Can the anon who posted that please give me the link?  I'd like to take it to the preschool.  Thx!

_________________________________________________

2/5/13 EDIT:

I spoke with the preschool teacher one-on-one last night after picking up my child from preschool.

Apparently, this child has had known peanut allergies since the beginning of the pre-K school year (end of August), and the only restriction to peanuts was for the child who was allergic to them.  The teachers were not allowed to feed him any snacks containing peanuts.

Yesterday, however, a new aide handed out peanut butter granola bars.  She handed one to the child with peanut allergies.  He did not eat it.  Another teacher saw what happened and said, "This one's got allergies to peanuts.  He needs some carrots instead."  So they gave him carrots.  But the child had placed the pb granola bar (still in the wrapper) inside his pants pocket and took it home that afternoon when his mom came to get him.

Obviously, she called the school upset that one had even been handed to him...but he hadn't eaten it.  Crises averted.

BUT...the mother was so irate that now there are posters saying "This is a peanut-free school zone," and a mass emailing went out to all parents, of which I was one. 

Anyhow, upon talking to the director of the preschool, she said lots of children brought PB sammies to school, even baggies of nuts, to school and there was never one time an issue with the child "smelling" the peanuts and going into shock.  In fact, he never once broke out in a rash or hives from being in a classroom with children who did eat peanuts.

This entire school year (5 months now), this child with peanut allergies has not suffered one adverse incident from peanut "scent" or "oils" being in the preschool.

Posted by Anonymous on Feb. 4, 2013 at 6:06 PM
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Replies (1-10):
peanutsmommy1
by Ruby Member on Feb. 4, 2013 at 6:08 PM
2 moms liked this
Ah yes, because a child who has airborn allergies would be protected sitting at another table
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Anonymous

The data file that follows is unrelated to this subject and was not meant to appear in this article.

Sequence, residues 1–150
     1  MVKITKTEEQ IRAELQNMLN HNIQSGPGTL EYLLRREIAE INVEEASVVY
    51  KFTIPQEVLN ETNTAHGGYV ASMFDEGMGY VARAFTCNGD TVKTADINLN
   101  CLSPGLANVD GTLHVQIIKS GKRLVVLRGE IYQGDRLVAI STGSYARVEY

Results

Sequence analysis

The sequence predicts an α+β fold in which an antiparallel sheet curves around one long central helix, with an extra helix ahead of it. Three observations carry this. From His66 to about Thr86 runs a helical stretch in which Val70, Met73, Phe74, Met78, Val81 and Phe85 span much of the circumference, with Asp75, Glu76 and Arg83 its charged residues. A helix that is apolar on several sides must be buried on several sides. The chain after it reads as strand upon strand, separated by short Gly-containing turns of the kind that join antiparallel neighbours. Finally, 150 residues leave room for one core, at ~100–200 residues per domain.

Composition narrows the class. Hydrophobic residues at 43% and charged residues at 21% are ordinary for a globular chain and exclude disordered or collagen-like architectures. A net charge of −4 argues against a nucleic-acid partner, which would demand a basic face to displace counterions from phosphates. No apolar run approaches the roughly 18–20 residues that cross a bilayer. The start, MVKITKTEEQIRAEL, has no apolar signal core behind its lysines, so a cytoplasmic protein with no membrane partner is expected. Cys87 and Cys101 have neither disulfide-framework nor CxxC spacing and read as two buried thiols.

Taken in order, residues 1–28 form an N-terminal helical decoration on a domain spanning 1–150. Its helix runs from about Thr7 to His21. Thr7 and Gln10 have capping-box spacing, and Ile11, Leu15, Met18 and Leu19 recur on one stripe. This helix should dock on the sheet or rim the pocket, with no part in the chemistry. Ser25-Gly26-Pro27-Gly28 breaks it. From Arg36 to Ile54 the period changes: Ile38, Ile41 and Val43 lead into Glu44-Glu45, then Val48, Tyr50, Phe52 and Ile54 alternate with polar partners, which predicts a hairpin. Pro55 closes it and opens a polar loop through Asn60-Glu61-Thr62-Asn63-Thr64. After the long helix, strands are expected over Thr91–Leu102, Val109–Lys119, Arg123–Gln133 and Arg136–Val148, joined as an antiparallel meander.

by Anonymous on Feb. 4, 2013 at 6:09 PM
While I agree and find it annoying, put yourself if the other parents shoes. Can you imagine the scare of sending your kid to school everyday, worrying that some idiot would bring a peanut product and potentially kill your child?
Anonymous
by Anonymous - Original Poster on Feb. 4, 2013 at 6:10 PM

 


Quoting peanutsmommy1:

Ah yes, because a child who has airborn allergies would be protected sitting at another table


 Seriously..AIRBORN allergy to peanuts?  No, I'm seriously asking here.

Anonymous
by Anonymous on Feb. 4, 2013 at 6:10 PM
3 moms liked this

Hey my child has a severe allergy to peanuts, I refuse to let my son die b/c you refuse to understand how serious this it.

Anonymous
by Anonymous on Feb. 4, 2013 at 6:10 PM
4 moms liked this

Home school and you can feed your kid whatever you want.

mem82
by Platinum Member on Feb. 4, 2013 at 6:10 PM

TROLL

Anonymous
by Anonymous on Feb. 4, 2013 at 6:11 PM

My children were vegetarians and their choices were limited for a good, kid-friendly sandwich.  I was never told my kids couldn't bring PB&J because that is one of the very few things they could eat in a sandwich.

Anonymous
by Anonymous - Original Poster on Feb. 4, 2013 at 6:11 PM

 Well, if your child has a peanut allergy, you make sure your child doesn't EAT peanuts...right?

So it's the preschool director's job to ensure, then, that that child isn't eating a peanut, right?

I mean, my kid gets a good source of protein from peanuts (organic, no added sugars).


Quoting Anonymous:

While I agree and find it annoying, put yourself if the other parents shoes. Can you imagine the scare of sending your kid to school everyday, worrying that some idiot would bring a peanut product and potentially kill your child?


 

Schleetle
by on Feb. 4, 2013 at 6:11 PM
Well the kid can't help that they have an allergy. There are other kinds of sandwiches out there besides peanut/almond butter, and jelly.
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zomgkerrie
by Geek Goddess on Feb. 4, 2013 at 6:11 PM

yes, some people are so sensitive that just being in the same room can trigger a reaction.